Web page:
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RI CRIME

NBA skills trainer Robert McClanaghan arraigned in R.I. on Boston rape, drugging charges

The 43-year-old Warwick man will be held until Boston police arrive to take him to court. He was arrested Friday by members of the Boston Police Sexual Assault Unit, Boston Police Fugitive Unit, and Warwick Police Department on a warrant issued Thursday out of Boston Municipal Court.

Robert McClanaghan, 43, at his arraignment Monday morning in District Court in Warwick, R.I.Amanda Milkovits/Globe Staff

WARWICK, R.I. — A Rhode Islander who is a nationally known skills trainer to NBA players was arraigned Monday as a fugitive from a criminal case in Boston involving rape and drugging charges.

Robert McClanaghan, 43, said little as he appeared with his lawyer, Dan Griffin, in Kent County District Court. Despite Griffin’s offer for McClanaghan to immediately leave with family to face the charges in Boston, Magistrate Joseph P. Ippolito Jr. ordered him held until Boston police arrive to take him to court.

“Not on this level of charges,” Ippolito said to Griffin, as McClanaghan’s relatives looked on in the courtroom.

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McClanaghan was arrested Friday by members of the Boston Police Sexual Assault Unit, Boston Police Fugitive Unit, and Warwick Police Department on a warrant issued Thursday out of Boston Municipal Court. He was arrested on charges of rape and drugging for intercourse related to a Nov. 3 incident in downtown Boston.

Police provided no specific details about where the alleged rape occurred, but issued a warning about so-called date-rape drugs with its announcement of McClanaghan’s arrest.

“The Boston Police Department advises the public of the dangerousness of scentless, colorless, and tasteless drugs such as Rohypnol, also known as roofie, being placed in the drinks of unsuspecting victims,” police said. “Other drugs commonly used in a similar fashion are GHB (gamma-hydroxybutyric acid) or Ketamine. These drugs and substances can cause disorientation, confusion, temporary paralysis, or unconsciousness, along with a host of other symptoms, leaving the potential victim vulnerable to the intentions of the suspect.”

The Warwick police prosecutor did not elaborate on the charges in court Monday, but told the judge that the Boston police expect to take McClanaghan on Tuesday.

Griffin and McClanaghan’s family left court Monday without answering questions from the media.

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McClanaghan started his career as a physical education teacher and assistant basketball coach at Bishop Hendricken, a private, all-boys school in Warwick, the Globe reported last month.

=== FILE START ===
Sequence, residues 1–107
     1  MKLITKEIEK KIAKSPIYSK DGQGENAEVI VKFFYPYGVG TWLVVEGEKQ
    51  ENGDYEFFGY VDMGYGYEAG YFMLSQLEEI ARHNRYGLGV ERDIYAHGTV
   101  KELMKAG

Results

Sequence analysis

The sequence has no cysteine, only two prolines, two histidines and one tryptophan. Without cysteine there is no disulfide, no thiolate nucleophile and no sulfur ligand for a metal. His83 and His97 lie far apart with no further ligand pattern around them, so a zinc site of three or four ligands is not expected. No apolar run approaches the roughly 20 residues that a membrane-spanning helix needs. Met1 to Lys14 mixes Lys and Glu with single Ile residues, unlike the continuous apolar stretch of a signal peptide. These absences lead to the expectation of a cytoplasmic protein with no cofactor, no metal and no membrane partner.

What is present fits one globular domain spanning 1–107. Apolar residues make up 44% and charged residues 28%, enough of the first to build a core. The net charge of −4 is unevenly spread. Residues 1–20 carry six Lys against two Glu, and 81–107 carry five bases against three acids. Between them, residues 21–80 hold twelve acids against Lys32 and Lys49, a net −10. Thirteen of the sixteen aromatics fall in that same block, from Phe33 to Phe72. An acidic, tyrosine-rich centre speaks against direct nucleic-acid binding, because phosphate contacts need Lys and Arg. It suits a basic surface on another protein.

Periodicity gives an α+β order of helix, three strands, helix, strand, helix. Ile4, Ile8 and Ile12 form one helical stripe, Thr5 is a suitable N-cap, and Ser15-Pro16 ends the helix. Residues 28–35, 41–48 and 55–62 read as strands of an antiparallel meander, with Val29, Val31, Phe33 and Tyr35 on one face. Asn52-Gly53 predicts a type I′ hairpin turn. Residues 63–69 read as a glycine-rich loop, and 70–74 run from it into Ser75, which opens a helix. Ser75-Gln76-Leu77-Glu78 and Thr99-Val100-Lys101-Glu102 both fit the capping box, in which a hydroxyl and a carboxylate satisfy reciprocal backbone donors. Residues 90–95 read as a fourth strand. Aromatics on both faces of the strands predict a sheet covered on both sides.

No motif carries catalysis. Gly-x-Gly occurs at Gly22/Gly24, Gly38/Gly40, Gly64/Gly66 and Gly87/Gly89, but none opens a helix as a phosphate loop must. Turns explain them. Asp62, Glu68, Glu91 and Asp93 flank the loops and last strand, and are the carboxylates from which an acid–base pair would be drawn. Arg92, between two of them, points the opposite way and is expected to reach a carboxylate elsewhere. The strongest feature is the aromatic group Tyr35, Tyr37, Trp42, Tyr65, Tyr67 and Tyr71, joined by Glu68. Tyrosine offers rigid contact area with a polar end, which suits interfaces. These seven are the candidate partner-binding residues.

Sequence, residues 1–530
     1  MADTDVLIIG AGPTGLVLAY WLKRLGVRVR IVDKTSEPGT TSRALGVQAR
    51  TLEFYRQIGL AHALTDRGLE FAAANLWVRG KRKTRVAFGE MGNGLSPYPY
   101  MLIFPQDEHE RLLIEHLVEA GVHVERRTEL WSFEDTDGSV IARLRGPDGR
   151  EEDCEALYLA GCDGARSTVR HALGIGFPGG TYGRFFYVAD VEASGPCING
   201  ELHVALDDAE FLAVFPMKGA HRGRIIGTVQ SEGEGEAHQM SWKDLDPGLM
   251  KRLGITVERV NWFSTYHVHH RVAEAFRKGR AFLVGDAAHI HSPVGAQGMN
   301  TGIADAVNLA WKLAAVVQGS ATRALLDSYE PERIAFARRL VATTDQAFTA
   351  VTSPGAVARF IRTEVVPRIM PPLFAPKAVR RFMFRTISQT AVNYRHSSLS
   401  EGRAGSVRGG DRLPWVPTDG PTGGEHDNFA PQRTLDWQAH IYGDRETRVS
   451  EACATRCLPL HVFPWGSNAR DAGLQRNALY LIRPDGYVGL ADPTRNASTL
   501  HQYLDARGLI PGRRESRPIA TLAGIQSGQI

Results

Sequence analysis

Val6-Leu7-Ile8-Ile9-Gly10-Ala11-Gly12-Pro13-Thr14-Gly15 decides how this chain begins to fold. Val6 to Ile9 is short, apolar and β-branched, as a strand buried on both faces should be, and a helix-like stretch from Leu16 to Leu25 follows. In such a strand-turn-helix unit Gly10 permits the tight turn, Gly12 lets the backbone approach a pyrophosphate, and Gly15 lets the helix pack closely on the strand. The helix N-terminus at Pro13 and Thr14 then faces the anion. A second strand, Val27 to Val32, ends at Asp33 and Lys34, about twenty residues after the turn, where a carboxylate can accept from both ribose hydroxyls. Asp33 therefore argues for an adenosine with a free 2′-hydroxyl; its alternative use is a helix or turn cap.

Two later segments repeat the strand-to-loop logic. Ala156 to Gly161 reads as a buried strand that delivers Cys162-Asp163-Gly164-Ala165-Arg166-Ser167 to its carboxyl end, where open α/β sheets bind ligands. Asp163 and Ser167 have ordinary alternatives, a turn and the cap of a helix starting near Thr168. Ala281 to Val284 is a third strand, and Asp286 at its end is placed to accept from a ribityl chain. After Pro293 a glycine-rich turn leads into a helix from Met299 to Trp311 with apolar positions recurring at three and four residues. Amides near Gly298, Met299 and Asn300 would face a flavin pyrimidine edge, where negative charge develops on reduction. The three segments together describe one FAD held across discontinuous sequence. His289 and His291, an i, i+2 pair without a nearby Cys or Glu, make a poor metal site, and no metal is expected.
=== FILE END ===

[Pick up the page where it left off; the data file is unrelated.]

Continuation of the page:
There, he met current Celtics coach Joe Mazzulla, who as a high school freshman in 2003, was essentially McClanaghan’s first client.

From his start working with the Hendricken Hawks, McClanaghan launched into the NBA, training stars such as Kevin Durant and Steph Curry.

Curry wrote the forward to McClanaghan’s 2019 book, “Net Work,” described by publisher Simon & Schuster as a combination of “McClanaghan’s hard-earned wisdom — both on and off the court — with rare glimpses into the dues-paying life of professional athletes determined to stay at the top.”

McClanaghan branched out from working with elite hoops athletes to selling his coaching and training philosophy to banks and corporate boards, offering speaking engagements, consulting, and group sales coaching.

McClanaghan often traveled for his self-employment. However, during his divorce in 2018, his wife accused him of alcohol abuse when he was home and said he had “a serious gambling problem.” In court records, she wrote that he had liquidated their accounts of hundreds of thousands of dollars, and that when she confronted him about the withdrawals, “he said he owed ‘loans’ to people who will only accept ‘cash’ payments.”

One example: consecutive daily cash withdrawals from ATMs in 2017 of just under $10,000 at a time, totaling more than $150,000, she wrote in the divorce papers. She said he told her that the banks “ask questions” when withdrawals are more than $10,000, according to court records.

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She wanted him to get counseling for alcohol abuse and gambling addiction. McClanaghan denied her claims about alcohol abuse and responded that his wife knew about the financial transactions, according to court records. He was required to undergo alcohol testing briefly in 2019.

On his Instagram account, The_Rob_Mac, McClanaghan says to his more than 11,000 followers that he “provides on court 🏀 training for players of all levels.”

With previous Globe reports. This story has been updated with information about McClanaghan’s book, his divorce, and his corporate coaching business.





Amanda Milkovits can be reached at amanda.milkovits@globe.com. Follow her on Twitter @AmandaMilkovits.